Why Investing in Teenage Girls Matters


By Kelly Cronen, Amelda Zotter, and Marcela de Campos

World Population Day on July 11 reminds us to focus on population trends and discuss the most pertinent issues facing our population today. This year’s theme is “Investing in Teenage Girls,” and it serves to highlight the importance of empowering the largest generation of girls in history.

According to the United Nations Population Fund, there are 600 million adolescent girls in the world today with unique needs, challenges, and aspirations for the future. These teenage girls are an important subpopulation that represent tomorrow’s peacemakers, leaders, influencers, innovators, and change agents of our society. Despite the meaningful progress that has been made to date regarding girls’ empowerment, much remains to be done. Teenage girls continue to face many of the same challenges as in the past including low access to education, health services, and economic opportunities, as well as forced early marriages, gender-based violence, and more. Teenage girls from marginalized groups in particular encounter even more difficulties accessing services due to their low status in society.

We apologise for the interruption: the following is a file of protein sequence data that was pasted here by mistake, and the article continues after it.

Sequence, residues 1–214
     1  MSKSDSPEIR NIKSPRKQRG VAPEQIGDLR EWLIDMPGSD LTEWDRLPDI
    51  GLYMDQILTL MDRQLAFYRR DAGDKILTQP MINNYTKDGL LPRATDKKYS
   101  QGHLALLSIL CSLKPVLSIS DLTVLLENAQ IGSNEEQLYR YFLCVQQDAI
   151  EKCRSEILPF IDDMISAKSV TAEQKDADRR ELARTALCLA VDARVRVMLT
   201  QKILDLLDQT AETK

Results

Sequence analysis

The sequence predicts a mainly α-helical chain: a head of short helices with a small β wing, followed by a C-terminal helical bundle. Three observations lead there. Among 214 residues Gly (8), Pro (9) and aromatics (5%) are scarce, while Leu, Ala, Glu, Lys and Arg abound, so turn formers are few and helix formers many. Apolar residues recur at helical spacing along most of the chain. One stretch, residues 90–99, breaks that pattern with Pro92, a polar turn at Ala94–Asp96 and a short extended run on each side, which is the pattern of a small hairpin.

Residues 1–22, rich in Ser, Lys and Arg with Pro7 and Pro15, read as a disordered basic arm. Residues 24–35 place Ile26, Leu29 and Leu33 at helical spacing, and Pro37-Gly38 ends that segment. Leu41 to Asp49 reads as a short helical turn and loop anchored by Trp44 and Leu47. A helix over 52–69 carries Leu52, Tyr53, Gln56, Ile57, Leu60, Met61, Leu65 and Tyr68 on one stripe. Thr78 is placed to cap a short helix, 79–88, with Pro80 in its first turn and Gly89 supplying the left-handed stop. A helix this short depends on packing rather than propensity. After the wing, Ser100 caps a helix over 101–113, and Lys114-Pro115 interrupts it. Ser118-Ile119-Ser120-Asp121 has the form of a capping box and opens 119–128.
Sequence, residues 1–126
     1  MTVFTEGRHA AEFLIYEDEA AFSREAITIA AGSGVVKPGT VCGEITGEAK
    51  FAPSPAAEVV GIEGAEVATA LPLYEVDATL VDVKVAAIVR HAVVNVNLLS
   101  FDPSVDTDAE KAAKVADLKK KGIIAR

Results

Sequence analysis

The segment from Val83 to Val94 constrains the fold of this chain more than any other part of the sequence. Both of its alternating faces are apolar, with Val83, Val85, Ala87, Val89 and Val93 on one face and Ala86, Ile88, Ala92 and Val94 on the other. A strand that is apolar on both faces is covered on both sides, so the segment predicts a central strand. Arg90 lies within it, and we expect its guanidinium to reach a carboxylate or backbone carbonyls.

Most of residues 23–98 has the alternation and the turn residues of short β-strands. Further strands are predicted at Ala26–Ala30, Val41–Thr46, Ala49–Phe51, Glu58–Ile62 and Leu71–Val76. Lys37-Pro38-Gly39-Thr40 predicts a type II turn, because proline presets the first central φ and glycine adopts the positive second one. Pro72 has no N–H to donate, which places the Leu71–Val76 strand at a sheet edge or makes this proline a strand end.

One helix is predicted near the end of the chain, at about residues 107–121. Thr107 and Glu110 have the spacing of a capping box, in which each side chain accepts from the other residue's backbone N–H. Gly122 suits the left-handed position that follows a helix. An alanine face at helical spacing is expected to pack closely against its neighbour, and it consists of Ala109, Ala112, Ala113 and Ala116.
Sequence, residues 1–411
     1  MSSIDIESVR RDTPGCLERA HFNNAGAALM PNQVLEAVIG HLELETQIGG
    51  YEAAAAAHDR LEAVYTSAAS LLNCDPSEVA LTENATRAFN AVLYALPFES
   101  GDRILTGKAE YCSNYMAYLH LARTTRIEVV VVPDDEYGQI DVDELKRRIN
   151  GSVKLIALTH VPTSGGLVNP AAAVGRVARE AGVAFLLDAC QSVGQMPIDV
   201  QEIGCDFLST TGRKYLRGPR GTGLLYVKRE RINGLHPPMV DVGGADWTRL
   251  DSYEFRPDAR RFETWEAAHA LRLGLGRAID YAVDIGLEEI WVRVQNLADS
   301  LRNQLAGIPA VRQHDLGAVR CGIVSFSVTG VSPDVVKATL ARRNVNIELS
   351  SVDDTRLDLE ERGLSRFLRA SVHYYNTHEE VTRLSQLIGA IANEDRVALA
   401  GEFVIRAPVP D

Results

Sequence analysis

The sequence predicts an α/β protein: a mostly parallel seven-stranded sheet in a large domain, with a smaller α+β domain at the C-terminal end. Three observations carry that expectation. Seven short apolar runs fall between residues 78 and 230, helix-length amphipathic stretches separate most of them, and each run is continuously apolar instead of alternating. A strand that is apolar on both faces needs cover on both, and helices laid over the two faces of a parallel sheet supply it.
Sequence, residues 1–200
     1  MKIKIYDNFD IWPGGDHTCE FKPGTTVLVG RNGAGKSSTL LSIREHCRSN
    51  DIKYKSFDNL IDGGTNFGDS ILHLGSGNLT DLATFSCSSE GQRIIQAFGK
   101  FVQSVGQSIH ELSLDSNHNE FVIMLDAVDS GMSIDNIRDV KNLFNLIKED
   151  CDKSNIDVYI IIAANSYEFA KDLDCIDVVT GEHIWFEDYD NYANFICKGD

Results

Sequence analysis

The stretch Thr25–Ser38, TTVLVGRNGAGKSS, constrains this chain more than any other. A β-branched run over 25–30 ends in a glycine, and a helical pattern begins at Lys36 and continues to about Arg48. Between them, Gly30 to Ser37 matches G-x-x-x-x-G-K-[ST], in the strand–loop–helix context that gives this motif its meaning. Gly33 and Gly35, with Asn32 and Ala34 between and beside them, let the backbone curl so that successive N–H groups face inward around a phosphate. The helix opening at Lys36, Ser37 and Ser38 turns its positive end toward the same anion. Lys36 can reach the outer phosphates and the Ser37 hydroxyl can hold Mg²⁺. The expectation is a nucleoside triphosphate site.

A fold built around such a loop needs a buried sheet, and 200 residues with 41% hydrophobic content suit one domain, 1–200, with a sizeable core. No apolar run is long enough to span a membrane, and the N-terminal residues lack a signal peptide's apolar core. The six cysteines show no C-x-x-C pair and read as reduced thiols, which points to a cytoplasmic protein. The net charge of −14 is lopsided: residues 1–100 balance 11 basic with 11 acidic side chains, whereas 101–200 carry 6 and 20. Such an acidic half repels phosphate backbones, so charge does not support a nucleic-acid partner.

We not only have a moral obligation to confront these barriers — investing in teenage girls also positively impacts a country’s economy and society’s well-being. Investing in their education more specifically is of paramount importance. By providing quality education for teenage girls, child marriages and mortality rates decrease. As the data shows, educated girls are more likely to get married later, live healthier lives, and take better care of their children. There are economic incentives as well. Educated teenage girls gain the necessary tools and skills for the job market, which can boost a country’s GDP. Building their professional experience and expertise also helps women to increase their representation in government and leadership positions.

If we aspire to achieve gender equality, and live in a more just and prosperous world, we need to invest in teenage girls’ education. Not only is it a smart investment — its outcome will ensure that the teenage girls will be more empowered and well-equipped to reinvest back in their families, communities, and countries. Today we renew our pledge to invest in teenage girls.

Kelly Cronen, Amelda Zotter, and Marcela de Campos manage Chemonics' Gender Equality and Social Inclusion Practice.

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